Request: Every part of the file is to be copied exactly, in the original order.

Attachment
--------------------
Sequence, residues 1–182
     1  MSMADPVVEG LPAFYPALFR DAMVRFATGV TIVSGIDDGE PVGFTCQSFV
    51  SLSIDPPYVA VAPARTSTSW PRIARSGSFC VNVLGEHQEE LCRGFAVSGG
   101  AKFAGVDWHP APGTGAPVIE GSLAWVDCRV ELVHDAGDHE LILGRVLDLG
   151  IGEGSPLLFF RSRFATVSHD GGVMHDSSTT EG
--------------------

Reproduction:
Sequence, residues 1–182
     1  MSMADPVVEG LPAFYPALFR DAMVRFATGV TIVSGIDDGE PVGFTCQSFV
    51  SLSIDPPYVA VAPARTSTSW PRIARSGSFC VNVLGEHQEE LCRGFAVSGG
   101  AKFAGVDWHP APGTGAPVIE GSLAWVDCRV ELVHDAGDHE LILGRVLDLG
   151  IGEGSPLLFF RSRFATVSHD GGVMHDSSTT EG